Michael Baballe, of Hilmar, who manages the Lucky 7 Red Hot Harry’s food trailer at the Stanislaus County Fair said the cooks start out by deep frying the burger in batter, then adding a layer of cheese and jalepeno peppers followed by another layer of batter and a trip back to the deep fryer. It is even served on a stick. Baballe said deep-fried food is the craze among fairgoers currently and hence the Five Alarm Special. Boy was it.
Baballe said he knows California fair food in and out. He’s been traveling the circuit for years from April to October.
“We finally got together,” he said of Red Hot Harry’s and the Stanislaus County Fair. “They had a spot and we finally had an open weekend.”
That is along with stomachs full of jalepenos and hamburgers.
Right next to Red Hot Harrys near the Budweiser Variety Free Stage was New Orleans Catering, which served up sweet, hot Cajun spiced foods straight out of the Big Easy itself. New Orleans Catering offered up pot cooked fresh daily Cajun cuisine, according to Brett Brill, of San Leandro, by way of New Orleans, where his family once owned a restaurant.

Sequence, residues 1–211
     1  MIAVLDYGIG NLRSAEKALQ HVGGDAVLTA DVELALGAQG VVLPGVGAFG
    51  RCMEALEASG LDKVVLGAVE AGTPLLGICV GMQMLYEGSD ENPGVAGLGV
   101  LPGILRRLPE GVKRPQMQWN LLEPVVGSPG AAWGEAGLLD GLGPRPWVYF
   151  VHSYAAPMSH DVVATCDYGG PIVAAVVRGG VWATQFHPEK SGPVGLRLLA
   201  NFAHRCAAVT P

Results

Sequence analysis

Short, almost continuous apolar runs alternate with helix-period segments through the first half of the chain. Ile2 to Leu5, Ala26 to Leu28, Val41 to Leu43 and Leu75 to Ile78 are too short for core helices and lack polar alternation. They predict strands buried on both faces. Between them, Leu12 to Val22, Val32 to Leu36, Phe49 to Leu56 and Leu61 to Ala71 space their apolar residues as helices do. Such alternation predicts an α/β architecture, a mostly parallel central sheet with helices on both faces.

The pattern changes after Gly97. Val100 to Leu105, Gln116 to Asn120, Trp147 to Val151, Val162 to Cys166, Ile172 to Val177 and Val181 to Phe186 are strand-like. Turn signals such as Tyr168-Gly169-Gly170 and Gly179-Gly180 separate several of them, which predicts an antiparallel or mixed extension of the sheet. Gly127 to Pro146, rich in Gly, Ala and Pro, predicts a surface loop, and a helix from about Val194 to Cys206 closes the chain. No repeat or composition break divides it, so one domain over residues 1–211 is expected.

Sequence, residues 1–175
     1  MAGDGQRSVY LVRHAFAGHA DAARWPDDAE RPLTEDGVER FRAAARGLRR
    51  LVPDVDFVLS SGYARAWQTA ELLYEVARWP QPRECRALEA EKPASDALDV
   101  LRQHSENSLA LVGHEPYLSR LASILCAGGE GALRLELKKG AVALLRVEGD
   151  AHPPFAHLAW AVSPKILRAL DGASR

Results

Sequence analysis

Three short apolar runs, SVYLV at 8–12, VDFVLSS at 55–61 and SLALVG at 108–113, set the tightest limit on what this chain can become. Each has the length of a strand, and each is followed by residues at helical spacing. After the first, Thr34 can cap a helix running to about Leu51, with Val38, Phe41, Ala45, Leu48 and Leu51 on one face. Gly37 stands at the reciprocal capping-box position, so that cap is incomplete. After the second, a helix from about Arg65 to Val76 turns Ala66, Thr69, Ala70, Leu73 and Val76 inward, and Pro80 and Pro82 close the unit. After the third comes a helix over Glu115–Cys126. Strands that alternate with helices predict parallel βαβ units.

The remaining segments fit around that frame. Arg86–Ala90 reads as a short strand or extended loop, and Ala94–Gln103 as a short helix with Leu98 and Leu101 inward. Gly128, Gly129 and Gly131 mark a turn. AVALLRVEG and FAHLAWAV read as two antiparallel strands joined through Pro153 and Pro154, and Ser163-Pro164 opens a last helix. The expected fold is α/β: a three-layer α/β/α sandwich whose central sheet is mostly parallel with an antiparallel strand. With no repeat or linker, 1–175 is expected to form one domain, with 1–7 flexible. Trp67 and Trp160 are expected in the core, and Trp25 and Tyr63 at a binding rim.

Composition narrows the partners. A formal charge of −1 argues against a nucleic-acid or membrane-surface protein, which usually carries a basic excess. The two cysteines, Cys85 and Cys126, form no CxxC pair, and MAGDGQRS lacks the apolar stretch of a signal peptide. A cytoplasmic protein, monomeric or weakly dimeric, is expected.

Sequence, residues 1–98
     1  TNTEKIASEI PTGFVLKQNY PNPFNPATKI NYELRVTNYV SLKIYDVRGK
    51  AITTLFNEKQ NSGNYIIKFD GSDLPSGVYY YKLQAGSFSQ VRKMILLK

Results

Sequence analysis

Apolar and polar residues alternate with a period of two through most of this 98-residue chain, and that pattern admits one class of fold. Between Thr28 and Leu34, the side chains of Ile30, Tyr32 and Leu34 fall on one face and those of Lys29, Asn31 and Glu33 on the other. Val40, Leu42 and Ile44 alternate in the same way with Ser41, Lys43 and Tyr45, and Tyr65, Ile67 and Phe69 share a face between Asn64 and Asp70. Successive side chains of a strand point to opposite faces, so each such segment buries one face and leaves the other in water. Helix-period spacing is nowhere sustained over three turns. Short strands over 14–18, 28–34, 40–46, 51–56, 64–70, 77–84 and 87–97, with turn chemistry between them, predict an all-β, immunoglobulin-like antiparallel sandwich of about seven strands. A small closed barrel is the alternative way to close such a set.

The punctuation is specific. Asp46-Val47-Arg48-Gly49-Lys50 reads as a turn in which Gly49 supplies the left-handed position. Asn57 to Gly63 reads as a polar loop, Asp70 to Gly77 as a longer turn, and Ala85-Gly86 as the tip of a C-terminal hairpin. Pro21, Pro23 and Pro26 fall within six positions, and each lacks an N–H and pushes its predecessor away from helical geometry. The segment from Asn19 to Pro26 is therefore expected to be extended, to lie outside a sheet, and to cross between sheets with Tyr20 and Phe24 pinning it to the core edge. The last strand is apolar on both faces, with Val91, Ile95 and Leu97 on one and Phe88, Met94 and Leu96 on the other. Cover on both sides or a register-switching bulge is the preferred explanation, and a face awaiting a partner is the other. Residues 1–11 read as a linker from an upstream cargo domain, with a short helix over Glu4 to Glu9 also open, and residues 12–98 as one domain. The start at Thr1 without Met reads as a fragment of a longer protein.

“We pot cook everything in the morning for three hours,” he said of his food, which is tasted everywhere from the Jazz Fest in San Francisco to the Gilroy Garlic Festival. His fare included fried alligator and a crawfish etouffe’e that was scrumptious.
Closer to the center of the fair near the new Farmer’s Market and was a new Sharky’s trailer which was cooking up lobster corndogs with—you guessed it—freshly made lobster sausage in them.
Sequoia Schoonover from Sacramento said his two trailers, which included the new Indian Fry Bread were flourishing.
Mid-way through the fair Sharkey’s had met all of the volume the he had at the 2012 Stanislaus County Fair. He said the new Sharkey’s trailer had something to do with that along with the food they were offering which served a lot of fish products including crab cakes, shark bites (fried cod bites) and the aforementioned lobster corn dogs. They also featured deep fried avocados and pickles. At the fry bread booth, which is a Native American product, people were still discovering the delicacy.
“Where there is a population of Native Americans, we sell a lot,” he said, noting sales were “Okay, but in Fresno we sell 3,000 to 4,000 pounds of dough.”
Contact Nick Rappley at 892-6187, ext. 31 or firstname.lastname@example.org.